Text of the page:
Great State at SUGCON Europe 2023

An intrepid squad of Great Staters from the Software Engineering team made a trip to sunny Malaga to attend SUGCON – the Sitecore User Group Conference.

Day 1 – the future is headless

The day kicked off with some senior Sitecore execs giving us an overview of the current state of the Sitecore ecosystem and what’s coming up. It’s abundantly clear that while ‘traditional’ Sitecore (now known as Platform DXP – Sitecore XM & XP) isn’t going anywhere any time soon, Sitecore has made a big commitment to headless technology and composable architecture.

That’s not a revolutionary strategy by any means – the writing has been on the wall for a while now – but the level of resources they are committing to their new product suite (now known as SaaS DXP) is significant, including several recent acquisitions and a desire to promote integration between the products that make up their cloud suite.

After the keynote from Sitecore, the conference split into four tracks:

  • Plenary
  • XM Cloud
  • Path to composable
  • Marketing

Next.js and Vercel

We heard from Vercel, creators of Next.js – a framework we use very heavily at Great State – who have struck up a close partnership with Sitecore. We’ve been doing a lot of work recently with headless Sitecore and have been impressed with how their Next.js SDK has continued to evolve.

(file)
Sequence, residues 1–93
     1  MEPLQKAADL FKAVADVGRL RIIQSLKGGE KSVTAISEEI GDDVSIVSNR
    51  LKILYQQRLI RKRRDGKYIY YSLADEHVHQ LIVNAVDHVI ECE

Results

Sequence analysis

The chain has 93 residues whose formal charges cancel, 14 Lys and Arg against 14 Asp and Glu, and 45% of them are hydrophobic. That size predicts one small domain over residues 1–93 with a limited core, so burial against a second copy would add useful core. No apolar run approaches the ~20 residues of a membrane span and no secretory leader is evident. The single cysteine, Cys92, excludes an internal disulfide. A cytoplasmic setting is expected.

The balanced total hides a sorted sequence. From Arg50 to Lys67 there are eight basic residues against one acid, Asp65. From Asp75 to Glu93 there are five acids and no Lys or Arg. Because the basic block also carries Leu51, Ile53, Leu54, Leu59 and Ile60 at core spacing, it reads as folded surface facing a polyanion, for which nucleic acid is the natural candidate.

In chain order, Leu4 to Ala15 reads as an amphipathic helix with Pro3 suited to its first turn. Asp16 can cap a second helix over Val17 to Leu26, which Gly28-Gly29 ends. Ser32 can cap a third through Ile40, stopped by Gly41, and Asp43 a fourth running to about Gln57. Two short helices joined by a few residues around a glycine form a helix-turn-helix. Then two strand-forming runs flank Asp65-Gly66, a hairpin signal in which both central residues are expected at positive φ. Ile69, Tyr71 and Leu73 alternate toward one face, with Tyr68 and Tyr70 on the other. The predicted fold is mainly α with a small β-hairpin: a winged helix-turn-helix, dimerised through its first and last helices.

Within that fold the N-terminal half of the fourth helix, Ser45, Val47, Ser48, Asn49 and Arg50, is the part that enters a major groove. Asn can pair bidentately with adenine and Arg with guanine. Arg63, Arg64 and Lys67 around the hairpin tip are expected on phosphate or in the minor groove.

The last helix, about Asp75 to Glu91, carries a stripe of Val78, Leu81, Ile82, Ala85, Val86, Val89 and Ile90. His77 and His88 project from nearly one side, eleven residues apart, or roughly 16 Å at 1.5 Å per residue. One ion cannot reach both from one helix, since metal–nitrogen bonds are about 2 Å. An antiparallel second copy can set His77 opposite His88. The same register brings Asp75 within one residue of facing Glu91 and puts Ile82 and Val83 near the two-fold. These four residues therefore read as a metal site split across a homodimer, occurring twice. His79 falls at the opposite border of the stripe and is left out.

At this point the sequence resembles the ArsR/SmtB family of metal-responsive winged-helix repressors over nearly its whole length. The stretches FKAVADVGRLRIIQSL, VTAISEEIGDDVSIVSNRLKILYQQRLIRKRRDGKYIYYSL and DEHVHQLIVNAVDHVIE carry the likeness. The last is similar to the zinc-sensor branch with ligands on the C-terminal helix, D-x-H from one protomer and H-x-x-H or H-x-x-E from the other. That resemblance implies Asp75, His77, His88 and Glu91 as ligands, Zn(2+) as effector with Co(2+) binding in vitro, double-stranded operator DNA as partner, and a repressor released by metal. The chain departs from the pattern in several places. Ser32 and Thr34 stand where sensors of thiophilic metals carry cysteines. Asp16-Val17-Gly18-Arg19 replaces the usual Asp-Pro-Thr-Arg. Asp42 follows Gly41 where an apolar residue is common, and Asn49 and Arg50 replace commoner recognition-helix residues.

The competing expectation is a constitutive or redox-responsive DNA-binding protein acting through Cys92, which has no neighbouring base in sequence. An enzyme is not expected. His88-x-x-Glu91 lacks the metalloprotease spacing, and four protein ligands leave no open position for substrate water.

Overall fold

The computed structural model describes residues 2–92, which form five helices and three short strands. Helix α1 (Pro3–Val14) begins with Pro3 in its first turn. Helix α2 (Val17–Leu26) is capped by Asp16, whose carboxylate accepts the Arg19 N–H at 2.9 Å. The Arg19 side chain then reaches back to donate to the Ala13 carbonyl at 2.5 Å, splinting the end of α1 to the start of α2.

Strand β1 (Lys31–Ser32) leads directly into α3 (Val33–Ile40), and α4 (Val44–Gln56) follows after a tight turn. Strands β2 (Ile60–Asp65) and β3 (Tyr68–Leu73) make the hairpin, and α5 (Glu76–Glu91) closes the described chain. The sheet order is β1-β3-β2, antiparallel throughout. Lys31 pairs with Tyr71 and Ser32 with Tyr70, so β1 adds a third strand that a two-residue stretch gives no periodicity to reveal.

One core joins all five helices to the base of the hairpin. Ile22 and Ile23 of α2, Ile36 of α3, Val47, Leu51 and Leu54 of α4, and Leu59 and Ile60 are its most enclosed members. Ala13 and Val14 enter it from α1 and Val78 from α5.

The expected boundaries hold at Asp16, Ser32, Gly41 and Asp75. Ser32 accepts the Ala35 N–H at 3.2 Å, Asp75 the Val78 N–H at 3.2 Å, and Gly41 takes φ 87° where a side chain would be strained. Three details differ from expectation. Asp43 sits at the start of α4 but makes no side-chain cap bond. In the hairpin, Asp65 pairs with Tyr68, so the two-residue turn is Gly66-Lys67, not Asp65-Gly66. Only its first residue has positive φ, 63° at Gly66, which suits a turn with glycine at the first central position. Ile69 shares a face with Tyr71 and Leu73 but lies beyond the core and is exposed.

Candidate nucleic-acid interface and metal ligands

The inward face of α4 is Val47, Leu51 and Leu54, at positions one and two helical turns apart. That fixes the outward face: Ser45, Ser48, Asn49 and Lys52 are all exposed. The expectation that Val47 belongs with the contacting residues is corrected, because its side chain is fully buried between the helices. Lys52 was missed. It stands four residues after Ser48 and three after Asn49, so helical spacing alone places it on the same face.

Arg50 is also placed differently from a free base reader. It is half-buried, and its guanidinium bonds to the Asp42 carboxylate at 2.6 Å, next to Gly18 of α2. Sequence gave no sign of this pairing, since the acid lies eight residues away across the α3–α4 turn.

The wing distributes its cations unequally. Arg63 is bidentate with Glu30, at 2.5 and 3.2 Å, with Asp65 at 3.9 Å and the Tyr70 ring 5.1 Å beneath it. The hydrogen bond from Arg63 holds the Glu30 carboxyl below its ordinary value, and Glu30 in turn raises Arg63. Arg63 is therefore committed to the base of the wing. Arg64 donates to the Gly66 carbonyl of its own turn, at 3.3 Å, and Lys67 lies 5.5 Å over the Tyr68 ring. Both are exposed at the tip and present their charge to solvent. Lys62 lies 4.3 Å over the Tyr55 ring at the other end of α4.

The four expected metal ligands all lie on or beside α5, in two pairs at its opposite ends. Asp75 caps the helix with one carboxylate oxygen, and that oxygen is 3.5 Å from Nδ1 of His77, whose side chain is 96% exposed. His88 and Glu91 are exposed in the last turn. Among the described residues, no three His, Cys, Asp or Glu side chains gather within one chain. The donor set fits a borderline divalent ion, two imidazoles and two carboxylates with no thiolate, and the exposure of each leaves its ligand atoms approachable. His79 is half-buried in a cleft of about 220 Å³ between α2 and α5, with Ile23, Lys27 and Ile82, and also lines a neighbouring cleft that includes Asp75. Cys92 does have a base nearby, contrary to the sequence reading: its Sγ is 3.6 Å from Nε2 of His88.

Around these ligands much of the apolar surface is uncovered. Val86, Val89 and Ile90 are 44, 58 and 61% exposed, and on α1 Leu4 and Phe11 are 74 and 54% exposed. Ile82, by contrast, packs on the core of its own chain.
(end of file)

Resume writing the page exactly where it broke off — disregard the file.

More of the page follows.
Next.js is our framework of choice because of its inherent flexibility. It's capable of generating static sites (very fast, great for SEO), server-side rendered websites (still fast, great for dynamism), but crucially it also has a middle option – incremental static regeneration – which is the best of both worlds. Combining the component-based approach React & Next.js offers with Sitecore’s enterprise content and personalisation capabilities gives organisations a lot of possibilities.

It’s clear that Sitecore are keen to push Vercel as a robust option for hosting the front end for Sitecore-powered headless websites, and Vercel certainly has a bunch of advantages if you’re using Next.js – they made it, and have first class support for all Next.js features.

XM Cloud

Another hot topic at the conference was XM Cloud – Sitecore’s SaaS enterprise content management system offering. While headless options have been available in Sitecore for a long time – either by rolling your own or using JSS – XM Cloud is a fully-featured, mature enterprise offering in this space that is now being used in production by a range of different organisations.

It couples one of the main selling points of the original Sitecore platform DXP – enterprise grade content management – with not having to worry about upgrades and infrastructure, alongside support for analytics, personalisation, and some other interesting new features like Sitecore Components. Unlike other SaaS CMS offerings, it also allows you to run your own custom code and run it locally, which was the focus of some of the talks, and a real point of differentiation.

Sitecore Search

We also had a deep dive into Sitecore Search and the technology that sits behind it. Sitecore Search is part of Sitecore’s SaaS product suite, and it brings customisable AI-powered high-performance search to your websites – whether they run Sitecore or not. It can be used instead of or alongside existing search providers like SearchStax / Solr, and it’s built on top of the same technology as Sitecore Discover and shares some of the features. Where Sitecore Discover is far more product & e-commerce focused, Sitecore Search is a more generalist offering suitable for any website.

Day 2 – making the future a reality

The next day covered a host of topics, building on the previous day – still with a heavy focus on XM Cloud and the other SaaS platform products.